They were locked together until the finish where Fourcade took a rather wide line into the straight and forced Shipulin to check his sprint to change lanes which effectively gave France the silver medal and spoiled a sprint finish up to the line. Fourcade knows that Shipulin has a better sprint finish than him and used his tactics wisely to beat him.

Italy came 4th after a great race from their quartet. 5th went to the Ukraine, 6th to Sweden, 7th to the Czech Republic, 8th to Norway, 9th to home team Austria and 10th to Finland.

11th Kazakhstan
12th Slovakia
13th Canada
14th Switzerland
15th Japan
16th USA
17th Bulgaria
18th Slovenia
19th Korea
20th Romania
21st Estonia
22nd Belarus
23rd Poland
24th Lithuania
25th Latvia

P.S On the podium the Russians refused to shake Martin Fourcade’s hand accusing him of disrespecting and knocking over Alexander Loginov at the third exchange. At the press conference Anton Shipulin said that he was defending his teammate and that’s why he wouldn’t shake hands. It emerged that the Russian Federation had asked for special sanctions against Fourcade for a social media comment he made about Loginov’s success at the European Championships reminding people he had served a two year drug ban.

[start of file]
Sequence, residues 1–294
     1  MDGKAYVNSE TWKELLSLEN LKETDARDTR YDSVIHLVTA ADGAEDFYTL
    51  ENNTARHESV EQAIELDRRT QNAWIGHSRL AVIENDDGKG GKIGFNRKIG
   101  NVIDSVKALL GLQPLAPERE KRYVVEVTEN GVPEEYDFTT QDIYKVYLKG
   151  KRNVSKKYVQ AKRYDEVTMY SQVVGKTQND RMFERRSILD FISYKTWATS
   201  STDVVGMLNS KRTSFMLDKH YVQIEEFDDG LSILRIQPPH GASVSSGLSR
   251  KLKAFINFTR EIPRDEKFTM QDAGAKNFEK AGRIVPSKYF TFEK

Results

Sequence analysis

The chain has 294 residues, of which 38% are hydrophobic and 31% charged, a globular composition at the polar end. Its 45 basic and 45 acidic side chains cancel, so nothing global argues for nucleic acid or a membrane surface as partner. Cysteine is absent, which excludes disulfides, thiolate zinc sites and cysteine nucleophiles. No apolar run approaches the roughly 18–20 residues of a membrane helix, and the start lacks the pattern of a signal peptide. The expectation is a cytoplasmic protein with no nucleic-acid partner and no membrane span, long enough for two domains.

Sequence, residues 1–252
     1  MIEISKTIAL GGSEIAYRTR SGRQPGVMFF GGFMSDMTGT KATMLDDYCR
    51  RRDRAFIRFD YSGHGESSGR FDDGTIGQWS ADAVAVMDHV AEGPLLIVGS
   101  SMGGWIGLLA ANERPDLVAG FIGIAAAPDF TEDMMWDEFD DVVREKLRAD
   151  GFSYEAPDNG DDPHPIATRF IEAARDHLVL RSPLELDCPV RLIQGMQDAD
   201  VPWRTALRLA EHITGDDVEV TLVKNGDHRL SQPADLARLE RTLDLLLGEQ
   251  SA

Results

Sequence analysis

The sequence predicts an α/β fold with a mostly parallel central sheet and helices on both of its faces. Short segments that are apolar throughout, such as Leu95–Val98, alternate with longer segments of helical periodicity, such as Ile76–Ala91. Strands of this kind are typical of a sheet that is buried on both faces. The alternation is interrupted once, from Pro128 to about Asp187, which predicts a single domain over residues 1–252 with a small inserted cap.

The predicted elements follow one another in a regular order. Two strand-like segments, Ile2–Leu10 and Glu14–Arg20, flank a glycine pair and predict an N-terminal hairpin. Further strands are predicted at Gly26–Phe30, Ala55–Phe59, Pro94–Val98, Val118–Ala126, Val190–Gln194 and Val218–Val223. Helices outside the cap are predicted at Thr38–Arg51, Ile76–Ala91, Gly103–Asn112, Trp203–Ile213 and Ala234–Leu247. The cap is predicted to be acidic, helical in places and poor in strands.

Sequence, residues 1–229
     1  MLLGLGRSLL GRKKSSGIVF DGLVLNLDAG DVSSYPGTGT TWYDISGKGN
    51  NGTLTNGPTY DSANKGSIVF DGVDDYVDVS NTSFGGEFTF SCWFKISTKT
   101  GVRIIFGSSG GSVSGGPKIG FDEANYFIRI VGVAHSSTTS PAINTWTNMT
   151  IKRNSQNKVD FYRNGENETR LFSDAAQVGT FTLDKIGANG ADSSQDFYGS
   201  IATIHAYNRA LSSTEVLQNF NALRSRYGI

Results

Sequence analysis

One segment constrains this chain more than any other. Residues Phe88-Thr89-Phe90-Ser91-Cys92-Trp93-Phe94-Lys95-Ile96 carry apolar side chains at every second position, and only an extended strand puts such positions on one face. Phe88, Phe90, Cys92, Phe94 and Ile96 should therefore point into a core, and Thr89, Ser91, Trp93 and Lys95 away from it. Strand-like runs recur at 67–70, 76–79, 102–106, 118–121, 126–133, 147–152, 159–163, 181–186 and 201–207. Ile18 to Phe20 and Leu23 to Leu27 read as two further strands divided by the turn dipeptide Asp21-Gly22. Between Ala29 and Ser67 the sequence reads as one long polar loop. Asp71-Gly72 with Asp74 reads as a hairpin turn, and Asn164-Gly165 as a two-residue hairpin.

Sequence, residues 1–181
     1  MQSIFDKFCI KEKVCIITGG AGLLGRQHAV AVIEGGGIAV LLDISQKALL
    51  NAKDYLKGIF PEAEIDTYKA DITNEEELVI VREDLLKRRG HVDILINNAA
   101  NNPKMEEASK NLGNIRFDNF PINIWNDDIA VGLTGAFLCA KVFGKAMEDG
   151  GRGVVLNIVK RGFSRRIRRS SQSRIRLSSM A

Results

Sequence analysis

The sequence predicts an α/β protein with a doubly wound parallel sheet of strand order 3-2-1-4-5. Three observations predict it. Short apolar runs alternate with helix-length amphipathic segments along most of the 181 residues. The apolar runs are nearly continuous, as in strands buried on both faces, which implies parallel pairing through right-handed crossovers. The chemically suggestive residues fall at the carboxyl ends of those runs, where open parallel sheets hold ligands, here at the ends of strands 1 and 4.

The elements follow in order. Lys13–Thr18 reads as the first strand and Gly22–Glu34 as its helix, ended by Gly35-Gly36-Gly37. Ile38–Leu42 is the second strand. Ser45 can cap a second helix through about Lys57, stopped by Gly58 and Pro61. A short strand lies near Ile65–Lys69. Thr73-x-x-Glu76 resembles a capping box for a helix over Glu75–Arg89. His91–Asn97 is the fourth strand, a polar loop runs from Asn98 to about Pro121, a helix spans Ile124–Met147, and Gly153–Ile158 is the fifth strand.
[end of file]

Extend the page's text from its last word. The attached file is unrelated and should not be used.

On the video of the changeover Fourcade did ski over Loginov’s ski and knock him down but as one was slowing down and the other speeding up it looked like an accident. Fourcade seemed to just be trying to pass him quickly to catch up with the leaders rather than deliberately hitting him. It’s unlikely that Fourcade would jeopardize his teams chances to make a point that he can do off the track if he wanted.

Hopefully it will not spill over to the rest of the competition.  Although the comments section of the press conference video have been removed and the IBU have issued a statement to ask the fans to calm down so I don’t think we have heard the last of this!

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OECH 2017: Duszniki Zdroj!

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The Open European Championships got underway in Duszniki Zdroj in Poland on Wednesday with the Individual races. With a brand new stadium and good weather conditions it made it a good day to race.